An armed security guard who lost his job after taking an elevator ride with President Obama says the only thing he did wrong was trust that the Secret Service knew what it was doing.
Kenneth Tate was fired shortly after the president visited the Centers for Disease Control in September. Tate, who was employed by a private security firm, had been assigned to escort Obama around the building.
His supervisors then told him that he was going to operate the service elevator Mr. Obama was going to use. Everything appeared to be going right for Mr. Tate. The previous day he had taken off for his birthday and won $800 playing his birthday digits in the lottery.
Around 2:25 p.m., the presidential motorcade arrived at the back entrance of the C.D.C. On the elevator ride, Mr. Tate said, the president struck up a conversation.
"He acknowledged me, said, 'How you are doing?' He said, 'What's your name?' I told him my name, and he extended his hand, shook my hand, and I said it's a pleasure to meet him. And I proceeded to escort him upstairs."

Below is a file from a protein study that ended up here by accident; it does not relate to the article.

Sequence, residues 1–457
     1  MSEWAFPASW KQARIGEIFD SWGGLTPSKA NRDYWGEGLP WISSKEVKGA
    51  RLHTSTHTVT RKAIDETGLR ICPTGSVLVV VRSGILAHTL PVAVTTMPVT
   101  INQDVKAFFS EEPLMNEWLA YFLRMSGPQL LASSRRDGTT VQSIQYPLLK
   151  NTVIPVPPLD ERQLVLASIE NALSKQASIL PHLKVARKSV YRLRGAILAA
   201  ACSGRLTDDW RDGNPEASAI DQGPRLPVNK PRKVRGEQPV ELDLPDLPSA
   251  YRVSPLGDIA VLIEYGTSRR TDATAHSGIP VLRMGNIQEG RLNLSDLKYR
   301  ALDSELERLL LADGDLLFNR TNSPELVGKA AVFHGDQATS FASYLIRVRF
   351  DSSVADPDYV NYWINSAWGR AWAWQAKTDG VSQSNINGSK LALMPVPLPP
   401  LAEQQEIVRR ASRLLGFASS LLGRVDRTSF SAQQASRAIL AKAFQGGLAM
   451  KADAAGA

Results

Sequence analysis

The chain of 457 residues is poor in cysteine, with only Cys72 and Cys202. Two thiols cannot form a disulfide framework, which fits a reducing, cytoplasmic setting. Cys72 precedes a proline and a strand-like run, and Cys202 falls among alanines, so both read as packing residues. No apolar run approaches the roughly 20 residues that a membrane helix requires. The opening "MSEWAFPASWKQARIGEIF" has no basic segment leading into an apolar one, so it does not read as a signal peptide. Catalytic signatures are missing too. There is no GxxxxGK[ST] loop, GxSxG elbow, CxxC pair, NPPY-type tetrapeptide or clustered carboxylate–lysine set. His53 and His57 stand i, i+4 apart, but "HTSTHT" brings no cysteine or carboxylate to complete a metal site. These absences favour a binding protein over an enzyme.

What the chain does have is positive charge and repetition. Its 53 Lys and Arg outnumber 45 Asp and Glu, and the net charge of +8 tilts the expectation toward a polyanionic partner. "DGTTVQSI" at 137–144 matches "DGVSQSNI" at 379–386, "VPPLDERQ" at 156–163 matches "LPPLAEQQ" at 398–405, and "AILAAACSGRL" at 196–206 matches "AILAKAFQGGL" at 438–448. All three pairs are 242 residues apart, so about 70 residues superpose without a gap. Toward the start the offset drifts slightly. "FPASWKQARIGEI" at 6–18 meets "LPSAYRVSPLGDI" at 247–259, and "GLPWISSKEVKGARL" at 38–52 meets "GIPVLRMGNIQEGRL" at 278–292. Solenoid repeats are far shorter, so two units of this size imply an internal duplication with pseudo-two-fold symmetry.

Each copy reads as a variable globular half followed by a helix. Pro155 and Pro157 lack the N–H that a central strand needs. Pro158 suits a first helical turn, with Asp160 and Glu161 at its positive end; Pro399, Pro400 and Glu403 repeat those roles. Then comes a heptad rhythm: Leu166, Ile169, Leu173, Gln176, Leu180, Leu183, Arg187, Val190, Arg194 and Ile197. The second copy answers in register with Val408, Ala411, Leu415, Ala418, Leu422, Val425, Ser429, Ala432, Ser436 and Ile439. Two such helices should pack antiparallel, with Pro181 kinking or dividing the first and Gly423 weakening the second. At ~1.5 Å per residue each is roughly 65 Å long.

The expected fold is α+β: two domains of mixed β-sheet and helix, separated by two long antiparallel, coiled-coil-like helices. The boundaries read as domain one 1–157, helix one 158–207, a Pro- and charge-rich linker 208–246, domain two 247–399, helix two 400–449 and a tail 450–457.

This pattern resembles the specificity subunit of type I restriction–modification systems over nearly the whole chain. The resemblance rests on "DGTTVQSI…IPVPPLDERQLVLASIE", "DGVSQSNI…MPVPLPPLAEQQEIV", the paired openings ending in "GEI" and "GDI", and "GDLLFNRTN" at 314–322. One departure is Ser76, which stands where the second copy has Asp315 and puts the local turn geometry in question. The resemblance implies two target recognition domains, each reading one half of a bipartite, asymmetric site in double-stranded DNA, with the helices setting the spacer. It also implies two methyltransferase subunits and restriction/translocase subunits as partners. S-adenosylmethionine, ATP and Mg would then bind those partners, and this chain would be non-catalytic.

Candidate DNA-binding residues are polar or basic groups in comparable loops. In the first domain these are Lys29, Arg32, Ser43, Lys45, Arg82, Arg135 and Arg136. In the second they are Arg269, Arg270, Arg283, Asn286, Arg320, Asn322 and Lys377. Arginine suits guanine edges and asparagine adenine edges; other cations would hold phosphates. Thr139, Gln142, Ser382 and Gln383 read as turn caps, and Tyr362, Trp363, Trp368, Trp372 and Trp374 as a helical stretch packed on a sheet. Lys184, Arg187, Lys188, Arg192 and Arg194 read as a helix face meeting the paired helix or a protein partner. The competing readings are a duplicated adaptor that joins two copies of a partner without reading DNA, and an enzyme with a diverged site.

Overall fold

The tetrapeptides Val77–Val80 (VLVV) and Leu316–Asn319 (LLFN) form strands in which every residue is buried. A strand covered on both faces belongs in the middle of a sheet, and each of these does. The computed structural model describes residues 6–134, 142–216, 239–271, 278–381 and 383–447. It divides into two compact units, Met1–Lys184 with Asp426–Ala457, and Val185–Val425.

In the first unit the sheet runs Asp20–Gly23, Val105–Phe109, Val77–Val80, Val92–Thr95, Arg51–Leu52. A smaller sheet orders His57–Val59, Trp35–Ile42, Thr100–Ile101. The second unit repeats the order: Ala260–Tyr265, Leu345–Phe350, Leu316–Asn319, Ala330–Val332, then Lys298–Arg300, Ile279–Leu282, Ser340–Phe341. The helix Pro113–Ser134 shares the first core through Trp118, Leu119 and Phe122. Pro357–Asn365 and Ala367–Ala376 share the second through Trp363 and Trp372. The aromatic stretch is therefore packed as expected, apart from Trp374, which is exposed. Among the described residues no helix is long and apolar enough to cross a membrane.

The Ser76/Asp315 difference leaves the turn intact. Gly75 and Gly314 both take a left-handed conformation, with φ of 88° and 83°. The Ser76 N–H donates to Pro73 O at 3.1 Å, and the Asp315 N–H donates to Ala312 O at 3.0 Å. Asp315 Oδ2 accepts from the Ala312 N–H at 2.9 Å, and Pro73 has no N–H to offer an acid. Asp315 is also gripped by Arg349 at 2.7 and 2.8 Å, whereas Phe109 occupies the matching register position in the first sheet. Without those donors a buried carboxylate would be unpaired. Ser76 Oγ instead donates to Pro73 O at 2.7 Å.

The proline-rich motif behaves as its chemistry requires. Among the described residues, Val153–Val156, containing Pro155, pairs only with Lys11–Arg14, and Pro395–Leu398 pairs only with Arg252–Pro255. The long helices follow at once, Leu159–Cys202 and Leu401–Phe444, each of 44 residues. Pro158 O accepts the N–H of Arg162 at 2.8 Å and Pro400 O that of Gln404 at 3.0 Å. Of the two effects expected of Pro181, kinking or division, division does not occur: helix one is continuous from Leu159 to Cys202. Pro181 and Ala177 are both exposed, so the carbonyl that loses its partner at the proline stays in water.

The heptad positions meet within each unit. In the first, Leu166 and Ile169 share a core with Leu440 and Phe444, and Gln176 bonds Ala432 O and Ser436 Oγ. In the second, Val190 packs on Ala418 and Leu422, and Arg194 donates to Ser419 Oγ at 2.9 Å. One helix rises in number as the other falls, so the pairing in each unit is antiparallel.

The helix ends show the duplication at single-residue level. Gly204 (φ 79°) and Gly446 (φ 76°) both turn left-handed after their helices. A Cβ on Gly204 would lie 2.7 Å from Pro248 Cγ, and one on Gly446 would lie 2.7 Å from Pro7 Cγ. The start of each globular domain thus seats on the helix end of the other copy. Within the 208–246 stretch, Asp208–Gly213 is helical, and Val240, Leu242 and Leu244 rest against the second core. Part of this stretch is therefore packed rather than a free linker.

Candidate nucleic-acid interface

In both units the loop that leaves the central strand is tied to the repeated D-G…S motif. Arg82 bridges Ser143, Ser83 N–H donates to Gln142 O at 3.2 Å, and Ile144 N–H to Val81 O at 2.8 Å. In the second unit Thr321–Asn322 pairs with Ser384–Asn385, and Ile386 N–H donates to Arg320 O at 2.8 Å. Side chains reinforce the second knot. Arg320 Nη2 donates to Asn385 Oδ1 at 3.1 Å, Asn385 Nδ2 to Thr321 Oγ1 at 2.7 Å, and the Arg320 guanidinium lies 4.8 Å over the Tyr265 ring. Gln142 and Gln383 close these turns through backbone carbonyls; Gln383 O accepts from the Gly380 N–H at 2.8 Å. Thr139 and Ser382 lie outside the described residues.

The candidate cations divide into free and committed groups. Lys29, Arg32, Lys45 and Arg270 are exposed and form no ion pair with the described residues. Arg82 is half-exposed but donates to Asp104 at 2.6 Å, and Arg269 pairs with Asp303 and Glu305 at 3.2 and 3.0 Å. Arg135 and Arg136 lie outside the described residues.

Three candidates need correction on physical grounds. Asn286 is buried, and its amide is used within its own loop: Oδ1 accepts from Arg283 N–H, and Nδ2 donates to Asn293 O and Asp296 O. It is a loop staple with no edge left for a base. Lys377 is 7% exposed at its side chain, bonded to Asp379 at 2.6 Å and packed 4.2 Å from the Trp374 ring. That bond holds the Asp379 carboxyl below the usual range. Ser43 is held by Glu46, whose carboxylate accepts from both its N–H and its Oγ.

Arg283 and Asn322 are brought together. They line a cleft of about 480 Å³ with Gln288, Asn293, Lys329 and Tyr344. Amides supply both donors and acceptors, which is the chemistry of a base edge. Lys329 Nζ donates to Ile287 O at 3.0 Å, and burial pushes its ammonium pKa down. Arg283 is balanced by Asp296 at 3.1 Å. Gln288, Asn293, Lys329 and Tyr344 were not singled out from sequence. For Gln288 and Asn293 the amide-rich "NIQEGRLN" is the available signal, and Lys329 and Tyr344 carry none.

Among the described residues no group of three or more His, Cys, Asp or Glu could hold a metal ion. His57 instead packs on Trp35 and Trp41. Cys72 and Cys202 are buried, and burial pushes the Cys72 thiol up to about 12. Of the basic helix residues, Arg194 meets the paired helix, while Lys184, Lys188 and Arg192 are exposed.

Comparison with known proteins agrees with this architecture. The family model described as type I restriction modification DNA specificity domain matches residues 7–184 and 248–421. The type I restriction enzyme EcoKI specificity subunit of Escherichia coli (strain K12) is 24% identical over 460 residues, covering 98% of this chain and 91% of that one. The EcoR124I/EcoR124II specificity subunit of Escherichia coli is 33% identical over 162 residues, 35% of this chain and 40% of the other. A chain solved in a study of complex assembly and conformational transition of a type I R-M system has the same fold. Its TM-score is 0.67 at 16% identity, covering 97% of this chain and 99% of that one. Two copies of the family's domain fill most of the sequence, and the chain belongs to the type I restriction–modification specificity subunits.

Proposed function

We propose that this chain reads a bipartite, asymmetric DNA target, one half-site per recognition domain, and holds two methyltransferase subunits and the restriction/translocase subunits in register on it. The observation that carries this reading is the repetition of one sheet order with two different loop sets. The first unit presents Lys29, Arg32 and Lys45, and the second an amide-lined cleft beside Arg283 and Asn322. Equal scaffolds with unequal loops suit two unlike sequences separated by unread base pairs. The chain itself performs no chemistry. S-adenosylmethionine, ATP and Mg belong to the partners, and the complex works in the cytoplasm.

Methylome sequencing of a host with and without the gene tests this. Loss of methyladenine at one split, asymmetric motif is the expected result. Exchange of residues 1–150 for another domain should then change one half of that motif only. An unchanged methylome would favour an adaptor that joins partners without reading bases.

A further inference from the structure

"I was just proud," Mr. Tate said. "That was a big accomplishment to me." He said one of the Secret Service agents had told him that it was remarkable that Mr. Obama had talked to him, considering it had taken the president two years to acknowledge the agent.
After Obama left the CDC building, Tate claims he used his camera phone to snap a picture of the motorcade. He told the Times and CNN that says that contrary to earlier reports, he acted professionally inside the elevator. Tate also says he was falsely depicted as a convicted felon in the ensuing coverage—he has been arrested for multiple offenses but never convicted in a court of law.
"He was supposed to stay on the elevator and left to take pictures," the official said.
Agents reportedly got upset that he came too close to Obama's limousine—known as the Beast—and reported him to his superiors.
Tate's dismissal became part of a larger story about the Secret Service's screw-ups when news broke that the agents had no clue they let an armed man onto the elevator with the president. According to Secret Service protocol, only law enforcement agents maybe armed and they must be granted special clearance in advance.
Tate's now suing the security company, claiming he was fired without cause.
"From the reports, I was some stranger that entered the elevator," he told the Times. "I mean, I was appointed."
[image via AP]